Sunday, May 17, 2009

Expounding more upon the previous post

With the new responsibilities of this new position of mine (community garden coordinator) I have faced a whole slew of new insecurities. I would have said- and have said- that I posses a plethora of self-confidence and have conquered my fears of failure. So I was completely unprepared for the onslaught of anxiety that has overtaken me the last few months.  

What all these fears- will seeds germinate? Why aren't they germinating? Now they've germinated- why aren't they growing faster? Oh no, bugs. What do I do? and so on- what they all boil down to is, as I said in my last post, I am not the one in control. In other areas of my life I can at least pretend to control things. I can 'do my best'. I can learn. I can BS my way out of a paper bag. But this project produces tangible evidence of my abilities (or lack thereof) and is VERY much dependent on numerous factors that are simply out of my control.

So what can I do? I can fall back on the faithful excuse that so many other Christians have used throughout the ages... if it doesn't work out, it's all God's fault, anyway.  No, seriously, I just repeat this to myself every day: One man plants and another waters, but it is God who causes the growth. With this realization my fears fall away... as do my pride and my self-glorification. 

And, in case you were wondering, the American Botanist Society has taken me off their list of 'Most-Wanted Plant Murderers'.

Tuesday, May 12, 2009


The garden had some tragedies.  First were the cucumber beetles, which destroyed my hard-earned zucchini seedlings. I tried two different plant-based sprays to no avail, and am purchasing something stronger (yet still organic) for the next batch of squash seeds I hope to get in the ground on Thursday. 

Then the birds hit. Half of my tomato seedlings are gone without a trace, a stick and a pot the silent testimonies that Once, A Plant Was Here.  Most of the hot peppers seedling ended up as food for the 'birds of the air'. Grrr.  A scarecrow now stands in the garden; will he keep the birds away? I don't know yet.

Amidst these tragedies, I know that there are many more victories than losses. Romaine and mustard greens are thriving, turnips and cilantro, basil and mint... and I have more tomato plants, more pepper plants, and always more seeds. But why is it my thoughts are more discouraged than encouraged? Why does one negative outweigh all the positives? Or perhaps the rude reminder that this is all out of my control, that all my hard work and great methods are really insignificant- gardening, like so much of life, is a matter of patience and faith.

Monday, May 11, 2009

Only on a Monday

Stuart was innocently brushing his teeth. Malachi, who was making up interesting lyrics for the Sound of Music song "Do, a Deer, ray, a spot of golden sun, etc.", and I were putting away laundry.  India stood at the bathroom door, complaining that she needed to use the potty.

I should have been a wise mother and instructed her to go downstairs to the other potty. 

Instead, Stuart was a kind older brother, and stepped out of the bathroom, toothbrush and toothpaste in hand. Brush, brush, brush.  Malachi keeps singing, I keep folding laundry. Finally, Stuart mumbles through a mouth full of toothpaste: 'India, I need to spit. Are you done?'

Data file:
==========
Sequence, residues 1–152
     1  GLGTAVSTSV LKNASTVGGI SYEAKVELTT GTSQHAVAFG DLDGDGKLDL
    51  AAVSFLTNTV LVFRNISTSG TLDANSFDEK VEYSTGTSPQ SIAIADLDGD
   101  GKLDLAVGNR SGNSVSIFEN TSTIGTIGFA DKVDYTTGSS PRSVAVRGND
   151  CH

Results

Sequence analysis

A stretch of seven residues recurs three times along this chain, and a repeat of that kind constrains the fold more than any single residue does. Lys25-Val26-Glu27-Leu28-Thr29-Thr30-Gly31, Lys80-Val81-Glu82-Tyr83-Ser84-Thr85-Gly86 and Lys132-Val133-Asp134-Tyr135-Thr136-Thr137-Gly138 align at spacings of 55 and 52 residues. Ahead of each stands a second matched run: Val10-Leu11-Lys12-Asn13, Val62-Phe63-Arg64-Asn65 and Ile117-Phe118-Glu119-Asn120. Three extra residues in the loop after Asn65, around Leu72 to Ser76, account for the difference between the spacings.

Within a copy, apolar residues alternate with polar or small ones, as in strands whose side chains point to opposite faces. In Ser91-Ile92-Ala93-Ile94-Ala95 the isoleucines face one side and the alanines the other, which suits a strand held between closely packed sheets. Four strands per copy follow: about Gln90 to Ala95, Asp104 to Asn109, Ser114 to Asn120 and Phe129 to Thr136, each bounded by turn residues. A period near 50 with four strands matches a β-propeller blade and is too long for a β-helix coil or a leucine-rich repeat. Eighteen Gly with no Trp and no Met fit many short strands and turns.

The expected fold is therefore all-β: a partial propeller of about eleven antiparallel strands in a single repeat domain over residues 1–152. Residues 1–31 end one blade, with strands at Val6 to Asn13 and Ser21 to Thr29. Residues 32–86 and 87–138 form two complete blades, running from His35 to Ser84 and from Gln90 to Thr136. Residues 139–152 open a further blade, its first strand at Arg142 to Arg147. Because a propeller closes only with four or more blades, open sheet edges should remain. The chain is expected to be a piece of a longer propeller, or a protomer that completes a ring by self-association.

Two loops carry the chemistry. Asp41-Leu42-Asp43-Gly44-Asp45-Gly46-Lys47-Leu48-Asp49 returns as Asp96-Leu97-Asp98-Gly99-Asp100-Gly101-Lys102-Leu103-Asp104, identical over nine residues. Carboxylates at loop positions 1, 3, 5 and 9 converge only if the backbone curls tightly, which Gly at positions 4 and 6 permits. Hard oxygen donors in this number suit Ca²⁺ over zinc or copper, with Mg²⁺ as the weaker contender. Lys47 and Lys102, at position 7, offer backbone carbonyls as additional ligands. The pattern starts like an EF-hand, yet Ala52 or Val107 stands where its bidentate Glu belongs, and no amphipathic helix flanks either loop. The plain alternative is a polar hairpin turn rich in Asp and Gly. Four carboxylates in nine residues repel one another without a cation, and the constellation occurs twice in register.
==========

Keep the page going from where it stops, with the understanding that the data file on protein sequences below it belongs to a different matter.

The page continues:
'No, I'm going number 2.'

We collectively groan: 'Why didn't you go downstairs!?' Malachi keeps singing.  Stuart is getting desperate, and I send him downstairs to spit. At this point, Malachi starts singing, '2, a 2, a number 2' .  I should have been a good mother and told him in no uncertain terms that we do not sing about excrement in this house, but I was laughing too hard to say much of anything. India hears the commotion and yells from the pot: 'Stop joking!  This is serious!' which of course sends me into gales of more laughter. Malachi can't think of any more words for his song, so he just keeps repeating: '2, a 2, a number 2', and poor Stuart treks upstairs from spitting and rinsing.

Moral of the story: Oftentimes, doing the right thing (like sharing the bathroom with your little sister) leads to insanity and more work.

Wednesday, May 6, 2009

I really should be washing dishes...

.... but the housework won't go anywhere, and David took the kids shopping so I can get some rest (but really, I just got a bunch of paperwork done, which was very necessary, and comparatively restful... yea...)
We are running this weird fever, which seems to be hitting one family member at a time for about 2 hrs, leaving us exhausted, headachey, and then much better within a short period of time. WTF? Whatever. It's a good excuse to stay home tonight and get that desperately needed 'rest'. Despite the appeal of pioneer life- that rugged individualism, that self-sufficiency, that organic, healthy, macho life-style- I like not having to continually labor just to make it through to the next day. Yes, I complain about the industrial revolution, but I must admit that it's pretty freaking awesome to be able to read Japanese comics from across the world, translated, the same day they are released.
I have no idea where this post is going. My fever must be affecting my brain processes. Well, anyway, I have been able to get a few paintings done lately, and my Facebook buddies have been very supportive and encouraging so I actually feel motivated to do some more. But first, I have to clean off the table so I have space, and before I clear off the table I have to do the dishes... back to where I started...